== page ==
In biological sciences, the structure of a molecule is often linked to its function. Understanding how different 3D shapes are formed could bring light to the most basic processes shaping life. But first, we must find out how each component of the molecule and their combination is contributing to the final shape.
How can AI models help unravel the relation between a molecule’s composition and its structure? Read in this week’s Helmholtz AI project showcase how researchers at the German Aerospace Center (DLR) and the Karlsruhe Institute of Technology (KIT) are working jointly on this challenge.
Could you introduce yourself, giving your affiliation, area of work, and of course, the project title?
My name is Philipp Knechtges. I am a postdoc at the HPC department of the Institute for Software Technology at the German Aerospace Center (DLR). I am a trained physicist, but have also worked on “classical” high performance computing (HPC) applications like Computational Fluid Dynamics in the past, and I am now leading a group of scientists at DLR concerned with questions around Scientific Machine Learning.
The ProFiLe project --with its question on how to solve a previously difficult/intractable scientific problem using machine learning methods -- of course fits the scope of the group perfectly. In general, with my background in physics I find scientific modelling in the intersection of classical physics-based modelling and data-based modelling quite fascinating, which is usually encompassed by not less fascinating HPC and numerical challenges. The ProFiLe project is headed by Dr. Achim Basermann from DLR, in collaboration with Alexander Schug from KIT.
In simple words, what specifically is your project about? And, how and why do you think it is a high risk, high gain endeavour?
Initially ProFiLe was about protein structure prediction. Proteins are molecules present in all living organisms, involved in many crucial processes essential to life. Simply said a protein is a chain composed of smaller building blocks, the amino acids. Much of the biological function of proteins is determined by how their chain of amino acids folds in space, this means, the three-dimensional structure of the protein. This poses the question: if I know the sequence of amino acids, can I predict the structure of the protein? And by predicting the structure, can I also predicts its function?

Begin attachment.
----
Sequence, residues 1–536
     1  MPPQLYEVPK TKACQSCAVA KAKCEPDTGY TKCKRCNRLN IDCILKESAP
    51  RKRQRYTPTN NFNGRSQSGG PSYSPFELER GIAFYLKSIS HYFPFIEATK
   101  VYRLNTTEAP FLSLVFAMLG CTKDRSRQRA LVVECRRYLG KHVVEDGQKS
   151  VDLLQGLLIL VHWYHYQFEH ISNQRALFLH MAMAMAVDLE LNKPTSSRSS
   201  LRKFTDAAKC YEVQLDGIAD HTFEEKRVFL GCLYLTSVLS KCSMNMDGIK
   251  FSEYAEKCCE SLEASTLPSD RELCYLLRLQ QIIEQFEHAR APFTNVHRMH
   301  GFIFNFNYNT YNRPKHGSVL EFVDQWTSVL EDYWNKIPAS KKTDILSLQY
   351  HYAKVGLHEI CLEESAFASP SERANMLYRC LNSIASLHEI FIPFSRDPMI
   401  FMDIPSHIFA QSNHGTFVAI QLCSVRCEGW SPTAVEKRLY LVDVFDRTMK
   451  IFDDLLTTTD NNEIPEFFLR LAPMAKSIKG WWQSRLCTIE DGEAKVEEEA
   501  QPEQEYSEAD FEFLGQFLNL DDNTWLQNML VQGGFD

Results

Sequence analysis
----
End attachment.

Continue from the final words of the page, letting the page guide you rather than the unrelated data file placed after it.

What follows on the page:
Figure 1 Structure of the protein PDB 5w9f
With proteins being a crucial building block of life in general, this question is of course of great relevance, which makes any progress in that area a high gain endeavour. Very much at the beginning of the project we also had to learn the hard way that this is a high risk endevaour, with Google releasing Alpha Fold2, which essentially had incorporated a huge chunk of our ideas. On the upside, this had shown we were on the right track.
Since Google is certainly not our weight class, we had to adjust plans to tackle a similar problem but foregoing of the protein struggle: RNA structure prediction. RNA is the key group of molecules in charge of protein formation, and thus, their structure and functions are also essential for living organisms. Like proteins, RNA is composed of smaller blocks, called nucleotides, forming a chain that folds in space and relates to the molecule’s function. Only that this time, the molecule’s function is creating a certain protein. Therefore, the RNA structure prediction task is not less interesting than protein’s, and even more challenging given the fact that fewer data is available.
How important has the Helmholtz AI funding and platform been to carry out this project?
The Helmholtz AI funding has been more than essential. For once, the German Aerospace Center does (to my knowledge) usually not conduct research in computational biology. I am by no means an expert in protein/RNA folding. However, Helmholtz AI allowed me to collaborate with the domain experts at KIT on this subject (namely Alexander Schug), allowing both sides to bring their respective expertise to the table. Furthermore, in our work we kept close contact to the Helmholtz AI local units at KIT (Markus Götz) and JSC (Stefan Kesselheim). Last but not least, having such a compute-intensive project we definitely benefited from the HAICORE cluster, on which most of our simulations were conducted.
Any other comments you wish to add?
In the vein of credit where credit is due, I want to thank my marvelous colleagues in this project: Fabrice von der Lehr, Oskar Taubert, Daniel Coquelin, Alina Bazarova. They are the unsung heroes that keep the project going against all adversities.